They’re up again and on their way. The next to appear is an ornate, pagoda type tower. Three men cling to the sides. At this point I don’t know if the deceased is inside the bull or inside the tower or somewhere else entirely. It turns out the coffin is being transported in the tower.

As the procession continues on its way, men on the sides of the street spray water on those carrying the heavy platforms. It is a welcomed dousing on this hot hot day.

At one point the tower is too tall for the electrical wire spanning the street. The offending wire is ripped down and left hanging so the parade can pass.

Then comes the band of cymbals, gongs and drums played by young men and boys.  The percussion continues from beginning to end, rising and falling in volume and intensity. When the band finally stops they are vigorously applauded.

As the pagoda passes I notice the picture of the departed mounted on the back of the conveyance.

The bull is carefully moved to this platform and the men cut a chunk out of its back. I am transfixed by the elaborate ceremony. A white coffin is removed from the tower and a procession of women carrying offerings and men carrying the coffin circle the bull three time. The coffin is lifted and held up while the body, wrapped in white, is removed and placed in a hollowed out area in the bull.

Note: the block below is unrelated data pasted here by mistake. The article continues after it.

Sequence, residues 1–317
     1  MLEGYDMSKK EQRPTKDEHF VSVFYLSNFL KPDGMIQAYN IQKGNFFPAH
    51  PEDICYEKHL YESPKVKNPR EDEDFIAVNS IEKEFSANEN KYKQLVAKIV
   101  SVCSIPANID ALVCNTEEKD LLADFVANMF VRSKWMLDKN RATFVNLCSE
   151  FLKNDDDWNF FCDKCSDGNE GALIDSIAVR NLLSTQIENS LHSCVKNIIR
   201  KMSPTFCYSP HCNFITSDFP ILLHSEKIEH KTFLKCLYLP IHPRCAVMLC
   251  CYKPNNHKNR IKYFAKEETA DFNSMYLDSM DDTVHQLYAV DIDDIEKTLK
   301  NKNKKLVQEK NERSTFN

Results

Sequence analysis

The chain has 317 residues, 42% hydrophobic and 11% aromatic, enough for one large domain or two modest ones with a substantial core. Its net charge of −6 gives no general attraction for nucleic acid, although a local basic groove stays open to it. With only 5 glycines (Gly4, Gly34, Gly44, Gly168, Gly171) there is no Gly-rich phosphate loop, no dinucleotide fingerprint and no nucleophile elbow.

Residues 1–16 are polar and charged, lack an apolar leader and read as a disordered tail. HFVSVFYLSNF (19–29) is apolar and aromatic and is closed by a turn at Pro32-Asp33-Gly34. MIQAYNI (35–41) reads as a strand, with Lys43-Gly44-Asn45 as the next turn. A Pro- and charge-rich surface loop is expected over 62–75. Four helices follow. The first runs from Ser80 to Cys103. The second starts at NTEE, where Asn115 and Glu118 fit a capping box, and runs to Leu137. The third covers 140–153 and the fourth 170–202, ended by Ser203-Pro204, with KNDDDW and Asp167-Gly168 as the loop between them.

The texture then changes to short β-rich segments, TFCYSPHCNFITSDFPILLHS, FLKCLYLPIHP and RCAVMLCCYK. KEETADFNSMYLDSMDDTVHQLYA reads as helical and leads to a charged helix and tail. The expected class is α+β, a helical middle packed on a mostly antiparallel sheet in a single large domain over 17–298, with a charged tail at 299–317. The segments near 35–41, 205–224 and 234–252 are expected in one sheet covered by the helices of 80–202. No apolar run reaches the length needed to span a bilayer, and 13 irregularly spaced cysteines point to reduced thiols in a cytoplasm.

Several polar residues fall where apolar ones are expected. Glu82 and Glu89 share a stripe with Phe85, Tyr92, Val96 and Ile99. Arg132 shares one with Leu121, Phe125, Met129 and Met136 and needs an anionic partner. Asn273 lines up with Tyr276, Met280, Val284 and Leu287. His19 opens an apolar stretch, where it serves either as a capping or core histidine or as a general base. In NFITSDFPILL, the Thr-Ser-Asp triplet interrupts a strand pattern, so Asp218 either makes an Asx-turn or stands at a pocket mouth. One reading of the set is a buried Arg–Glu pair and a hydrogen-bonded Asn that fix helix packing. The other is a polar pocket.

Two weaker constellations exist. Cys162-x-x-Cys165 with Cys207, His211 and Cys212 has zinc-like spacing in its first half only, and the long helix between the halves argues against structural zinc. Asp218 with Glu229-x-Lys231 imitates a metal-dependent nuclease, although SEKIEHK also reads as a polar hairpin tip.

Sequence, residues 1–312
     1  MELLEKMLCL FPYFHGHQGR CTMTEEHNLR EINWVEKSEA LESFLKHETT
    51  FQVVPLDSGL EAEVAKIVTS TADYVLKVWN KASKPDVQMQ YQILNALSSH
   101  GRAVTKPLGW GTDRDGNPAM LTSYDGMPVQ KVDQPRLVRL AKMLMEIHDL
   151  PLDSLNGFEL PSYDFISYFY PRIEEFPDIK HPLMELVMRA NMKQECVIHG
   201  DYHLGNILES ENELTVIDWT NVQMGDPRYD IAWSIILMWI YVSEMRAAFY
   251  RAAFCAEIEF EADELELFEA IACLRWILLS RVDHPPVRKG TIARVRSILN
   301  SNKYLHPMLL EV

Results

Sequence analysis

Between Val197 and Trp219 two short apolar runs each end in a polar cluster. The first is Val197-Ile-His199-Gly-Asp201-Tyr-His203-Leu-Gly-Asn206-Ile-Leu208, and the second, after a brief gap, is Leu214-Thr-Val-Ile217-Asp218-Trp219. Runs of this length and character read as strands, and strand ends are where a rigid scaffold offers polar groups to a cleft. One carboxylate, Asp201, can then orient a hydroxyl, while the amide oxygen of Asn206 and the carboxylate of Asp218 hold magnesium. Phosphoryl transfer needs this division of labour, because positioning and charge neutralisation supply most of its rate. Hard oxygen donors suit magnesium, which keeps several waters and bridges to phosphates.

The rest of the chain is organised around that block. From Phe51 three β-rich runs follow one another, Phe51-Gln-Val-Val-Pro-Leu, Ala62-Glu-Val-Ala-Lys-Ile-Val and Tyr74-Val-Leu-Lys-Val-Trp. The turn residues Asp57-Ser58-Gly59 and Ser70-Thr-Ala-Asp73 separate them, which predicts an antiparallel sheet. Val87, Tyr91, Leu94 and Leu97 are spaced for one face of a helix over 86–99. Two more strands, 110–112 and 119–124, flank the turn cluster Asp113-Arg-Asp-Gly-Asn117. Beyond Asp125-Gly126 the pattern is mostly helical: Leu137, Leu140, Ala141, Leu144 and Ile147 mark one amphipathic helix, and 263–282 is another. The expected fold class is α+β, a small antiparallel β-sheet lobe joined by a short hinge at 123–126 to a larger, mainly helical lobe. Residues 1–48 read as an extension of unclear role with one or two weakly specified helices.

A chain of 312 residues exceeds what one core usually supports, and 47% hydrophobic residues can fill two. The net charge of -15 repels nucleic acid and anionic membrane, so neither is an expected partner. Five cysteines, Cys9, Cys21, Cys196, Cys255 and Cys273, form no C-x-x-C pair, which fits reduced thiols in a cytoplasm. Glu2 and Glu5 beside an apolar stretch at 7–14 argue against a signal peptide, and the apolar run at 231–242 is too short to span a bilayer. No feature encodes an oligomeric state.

The men around the body receive gifts and offerings from the people. They place them on the body. More and more gifts are brought. Finally the holy man sprinkles the contents of several different containers on the body and a white sheet is placed over all.

The back of the bull is once more set in place. Large bamboo logs are put under the bull and a motor pumps fuel onto the base of the pyre.

Incense is lighted and the bull begins to burn. Nobody is crying.

At this point the entire crowd moves into the street and words are spoken (in Balinese) over a battery operated megaphone. The crowd of us begins to exit the cemetery and as we pass we are sprinkled liberally with holy water. In this photo people are beginning to fill the street.

After that the crowd disperses fairly quickly. It has been an unforgettable two hours. I feel incredibly privileged to have been allowed a glimpse into this aspect of Balinese tradition that few visitors ever witness.

Dewa provides me with a map so that I can find my way to Ubud center since he has family matters to attend to. I only have to ask directions twice before I am back on familiar turf. Parched and dripping I seek refuge in Warung Laba Laba.

Here, in a shady perch above the street I sip watermelon juice (my current favorite) and order papaya chicken salad. It arrives, light and refreshing.

I opt to pass on Thousand Island Dressing…one just never knows about Thousand Island Dressing! But I can’t resist a sweet finish: one scoop of the creamiest vanilla ice cream this side of a Wisconsin dairy sitting atop one scoop of Balinese mocha.

I would return to Warung Laba Laba just for the ice cream!

Back in my room I can hardly wait to see the photos. I only wish I could include the sounds and smells that made this day one of the highlights of my life. Suksama, Dewa.Thank you.

Mosquitoes, Music, and the Siren’s Call